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Should you upgrade to a Haswell laptop right now?

When to buy a new laptop is a difficult decision. Unlike desktops, laptops are generally not upgradeable and unlike tablets, they aren't very cheap. Every year they seem to get better but unless you're lugging around a 10-pound laptop with a dead battery, it's sometimes better to wait. This year, Intel, the manufacturer of most laptop CPUs, came out with a new, more powerful, and more efficient processor called Haswell. It promises nice upgrades to this year's newest laptops, but should they be the reason you buy one right now?

So what is Haswell?

Haswell is the code name for Intel's 4th generation of processors. Previous generations have been code named Ivy Bridge and Sandy Bridge, but the most important thing to note is that while the names change and there are incremental upgrades to each, Intel follows what they call a tick-tock pattern of development.

Every generation that is a tick, usually means that the chip is based on all-new architecture and every tock is a shrinking of that technology. Haswell is a tick. What this means to you is that it is a brand new design that brings with it upgrades that the two previous generations were not capable of. This is comparable to Apple's iPhone development, where the tick would be a new design like the iPhone 4 and the tock would be an upgraded version like the iPhone 4S.

But what does that give you?

With Haswell, Intel has focused most of its energy on efficiency and better integrated graphics. Both of these things are especially important for laptops. A more efficient processor translates to better battery life (Intel claims you could see up to 50% longer battery life) and better integrated graphics (up to three times better) means that if you don't want to spend money on a gaming laptop with a dedicated graphics card but still would like to partake in some light gaming or video watching, it will be more capable.

There is also a more incremental upgrade in processing power. Intel says it will be a modest increase over the previous generation Ivy Bridge processors, but again, Haswell's focus was on efficiency and increasing power tends to have a negative impact on battery life.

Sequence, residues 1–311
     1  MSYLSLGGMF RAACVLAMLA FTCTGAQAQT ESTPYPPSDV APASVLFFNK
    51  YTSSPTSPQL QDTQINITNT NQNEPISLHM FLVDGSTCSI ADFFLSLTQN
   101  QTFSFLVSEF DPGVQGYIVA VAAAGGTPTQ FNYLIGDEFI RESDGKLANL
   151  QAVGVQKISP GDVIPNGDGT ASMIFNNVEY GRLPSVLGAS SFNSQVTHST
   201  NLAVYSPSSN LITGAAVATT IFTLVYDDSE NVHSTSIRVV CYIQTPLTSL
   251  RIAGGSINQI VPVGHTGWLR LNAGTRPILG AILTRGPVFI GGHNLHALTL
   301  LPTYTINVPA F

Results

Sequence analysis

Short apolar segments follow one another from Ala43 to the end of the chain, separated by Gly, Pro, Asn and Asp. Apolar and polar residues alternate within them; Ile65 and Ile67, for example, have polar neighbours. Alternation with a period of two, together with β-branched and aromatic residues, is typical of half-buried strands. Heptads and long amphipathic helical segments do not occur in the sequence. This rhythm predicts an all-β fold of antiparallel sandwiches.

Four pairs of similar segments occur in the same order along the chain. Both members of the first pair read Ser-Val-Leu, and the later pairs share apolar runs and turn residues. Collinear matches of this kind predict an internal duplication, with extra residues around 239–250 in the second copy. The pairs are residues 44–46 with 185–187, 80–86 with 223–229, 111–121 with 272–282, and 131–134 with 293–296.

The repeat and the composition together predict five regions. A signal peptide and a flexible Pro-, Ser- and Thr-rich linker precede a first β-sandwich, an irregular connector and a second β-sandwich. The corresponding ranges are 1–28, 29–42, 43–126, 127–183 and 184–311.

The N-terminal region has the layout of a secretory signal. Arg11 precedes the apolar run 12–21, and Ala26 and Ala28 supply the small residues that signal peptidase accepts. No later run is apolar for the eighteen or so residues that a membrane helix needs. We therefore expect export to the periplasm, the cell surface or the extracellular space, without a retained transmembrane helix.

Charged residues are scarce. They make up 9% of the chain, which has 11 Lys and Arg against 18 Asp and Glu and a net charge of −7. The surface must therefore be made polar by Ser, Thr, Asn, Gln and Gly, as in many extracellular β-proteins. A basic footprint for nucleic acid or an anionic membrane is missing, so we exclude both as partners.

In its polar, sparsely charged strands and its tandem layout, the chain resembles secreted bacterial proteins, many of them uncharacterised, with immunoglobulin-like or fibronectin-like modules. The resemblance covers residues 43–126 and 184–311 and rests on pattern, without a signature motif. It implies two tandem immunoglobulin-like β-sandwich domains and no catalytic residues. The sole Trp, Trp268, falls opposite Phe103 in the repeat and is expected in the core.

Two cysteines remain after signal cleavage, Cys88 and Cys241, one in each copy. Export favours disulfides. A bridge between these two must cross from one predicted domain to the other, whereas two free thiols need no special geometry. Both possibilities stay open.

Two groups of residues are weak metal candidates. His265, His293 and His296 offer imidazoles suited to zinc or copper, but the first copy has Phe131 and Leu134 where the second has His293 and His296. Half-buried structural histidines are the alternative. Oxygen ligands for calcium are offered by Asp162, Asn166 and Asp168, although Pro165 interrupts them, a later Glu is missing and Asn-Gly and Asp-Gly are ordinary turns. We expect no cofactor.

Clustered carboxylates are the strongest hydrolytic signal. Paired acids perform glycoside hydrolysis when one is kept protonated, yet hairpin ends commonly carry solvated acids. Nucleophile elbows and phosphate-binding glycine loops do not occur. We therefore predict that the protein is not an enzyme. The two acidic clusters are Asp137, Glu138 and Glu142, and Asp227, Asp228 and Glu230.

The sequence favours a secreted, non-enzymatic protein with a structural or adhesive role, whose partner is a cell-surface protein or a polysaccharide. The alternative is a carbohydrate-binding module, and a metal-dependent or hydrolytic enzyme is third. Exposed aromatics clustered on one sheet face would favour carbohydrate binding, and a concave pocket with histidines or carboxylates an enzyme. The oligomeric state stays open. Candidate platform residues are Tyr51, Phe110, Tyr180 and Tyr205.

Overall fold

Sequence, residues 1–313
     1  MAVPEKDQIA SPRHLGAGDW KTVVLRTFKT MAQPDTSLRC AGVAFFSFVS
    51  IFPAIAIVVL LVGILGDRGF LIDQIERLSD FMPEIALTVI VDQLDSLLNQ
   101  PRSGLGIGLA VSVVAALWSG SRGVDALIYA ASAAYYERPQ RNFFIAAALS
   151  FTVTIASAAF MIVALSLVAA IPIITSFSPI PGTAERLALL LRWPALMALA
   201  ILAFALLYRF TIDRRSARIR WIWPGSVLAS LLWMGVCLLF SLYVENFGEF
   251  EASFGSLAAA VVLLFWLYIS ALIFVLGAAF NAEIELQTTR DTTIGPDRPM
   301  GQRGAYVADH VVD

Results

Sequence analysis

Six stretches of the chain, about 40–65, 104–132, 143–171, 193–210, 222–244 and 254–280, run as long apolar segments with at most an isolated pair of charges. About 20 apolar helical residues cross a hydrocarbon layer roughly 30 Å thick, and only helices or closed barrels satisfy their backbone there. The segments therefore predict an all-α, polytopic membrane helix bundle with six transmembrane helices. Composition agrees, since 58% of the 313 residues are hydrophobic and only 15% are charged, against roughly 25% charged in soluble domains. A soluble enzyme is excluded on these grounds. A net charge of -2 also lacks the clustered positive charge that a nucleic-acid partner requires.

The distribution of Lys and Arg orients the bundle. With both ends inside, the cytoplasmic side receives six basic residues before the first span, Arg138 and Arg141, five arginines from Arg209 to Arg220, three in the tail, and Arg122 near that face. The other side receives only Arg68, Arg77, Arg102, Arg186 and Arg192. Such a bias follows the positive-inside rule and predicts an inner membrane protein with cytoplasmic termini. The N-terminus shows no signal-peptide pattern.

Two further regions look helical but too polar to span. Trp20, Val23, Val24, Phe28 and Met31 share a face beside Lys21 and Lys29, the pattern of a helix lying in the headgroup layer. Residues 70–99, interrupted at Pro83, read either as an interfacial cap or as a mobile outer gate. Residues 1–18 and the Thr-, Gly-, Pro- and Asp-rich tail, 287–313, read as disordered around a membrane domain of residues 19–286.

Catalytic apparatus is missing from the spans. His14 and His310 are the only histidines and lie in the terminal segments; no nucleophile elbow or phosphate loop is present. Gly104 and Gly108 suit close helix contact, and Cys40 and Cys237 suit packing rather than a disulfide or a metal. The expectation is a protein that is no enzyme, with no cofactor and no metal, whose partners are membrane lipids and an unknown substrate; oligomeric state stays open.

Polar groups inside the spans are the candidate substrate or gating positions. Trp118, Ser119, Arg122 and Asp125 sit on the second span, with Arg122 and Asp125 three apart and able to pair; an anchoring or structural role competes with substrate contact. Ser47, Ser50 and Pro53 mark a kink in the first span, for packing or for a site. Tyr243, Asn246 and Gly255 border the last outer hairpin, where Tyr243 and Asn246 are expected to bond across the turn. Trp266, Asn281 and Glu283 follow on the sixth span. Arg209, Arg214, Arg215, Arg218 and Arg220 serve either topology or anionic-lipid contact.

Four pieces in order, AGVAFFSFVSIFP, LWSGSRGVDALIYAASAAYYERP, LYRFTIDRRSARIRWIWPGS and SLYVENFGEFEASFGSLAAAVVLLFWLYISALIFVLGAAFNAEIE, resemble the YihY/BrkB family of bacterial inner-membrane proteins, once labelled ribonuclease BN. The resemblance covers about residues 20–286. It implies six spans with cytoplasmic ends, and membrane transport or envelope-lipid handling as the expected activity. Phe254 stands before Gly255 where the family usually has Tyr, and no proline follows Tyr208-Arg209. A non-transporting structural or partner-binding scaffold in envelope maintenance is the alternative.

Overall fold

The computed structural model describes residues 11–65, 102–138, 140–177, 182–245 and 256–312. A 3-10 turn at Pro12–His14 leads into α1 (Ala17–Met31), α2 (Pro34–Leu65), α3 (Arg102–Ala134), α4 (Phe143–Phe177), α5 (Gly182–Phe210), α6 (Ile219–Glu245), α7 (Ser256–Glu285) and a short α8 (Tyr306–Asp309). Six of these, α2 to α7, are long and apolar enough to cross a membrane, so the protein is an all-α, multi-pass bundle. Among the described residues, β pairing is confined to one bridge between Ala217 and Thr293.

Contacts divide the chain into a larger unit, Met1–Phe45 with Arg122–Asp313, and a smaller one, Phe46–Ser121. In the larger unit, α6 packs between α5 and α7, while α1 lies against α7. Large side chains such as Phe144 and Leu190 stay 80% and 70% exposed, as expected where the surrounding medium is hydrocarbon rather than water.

What good Haswell laptops are available?

Intel only introduced its Haswell processors on June 4th so as the year goes on there will be more and more options for you. Apple recently upgraded its Macbook Air lineup to Haswell and while performance is on par with last year's models (sadly no retina screen), battery life is almost unbelievable. The 13-inch Macbook Air claims to have all-day battery life and some tests and reviews have seen run times of nearly 13 hours. Which is currently more than the iPad -- a battery life champion in its own right.

For Windows users, there are still only a few new laptops with Haswell but by year's end most new models should ship with it. Right now the Sony Vaio Pro 13 is an attractive option with a nice compact design and good battery life. Or if gaming is more your thing, the new 3rd-gen Razer Blade combines good performance with twice the battery life of the previous generation.

Who should upgrade?

If you were already in the market for a laptop or ultrabook and you were trying to decide between a new laptop with last year's processor or a new laptop with a Haswell processor, go with Haswell. Even if the specs don't seem all that different, the upgrades to efficiency alone will make it a much more portable device.

With the start of a new school year looming around the corner, a Haswell laptop is the perfect companion for class. Long battery life means you will have enough longevity for a few classes which helps when outlets are at a premium in lecture halls. It also has enough power to get through some tougher computing processes like video editing a project, or maybe even a class length's-worth of Diablo 3 (for those in the back of the class only).

Who probably shouldn't upgrade, but could if they wanted to

You bought a laptop last year. You even bought a good one. Haswell isn't exponentially better. Sure the efficiency is tempting, and the graphics upgrade would be cool in a pinch, but for most new laptop owners, you might not feel enough of a difference to warrant dropping another grand or two on a new computer.

You also shouldn't upgrade if you aren't satisfied with what last year's laptops were capable of. If you were doing work or playing games that made your laptop seem like a slide show, Haswell probably won't solve that. You should into getting a new desktop or gaming laptop. When you're limited by battery life and size, sometimes you can't have it all, and just like a fast car, if you only care about performance and not MPG, don't get a hybrid.

Jack of all trades

In short, Haswell is a modest upgrade to some and a revolution to others. The prospect of tablet-like battery life with laptop functionality is freeing for those who absolutely love mobility and need to get work done. But those looking for incredible high-end power probably won't be excited by better discrete graphics and a small processing upgrade.

Before you go out to buy your next laptop, know what you need first. If Haswell's upgrades match up to your expectations, then you probably won't regret it.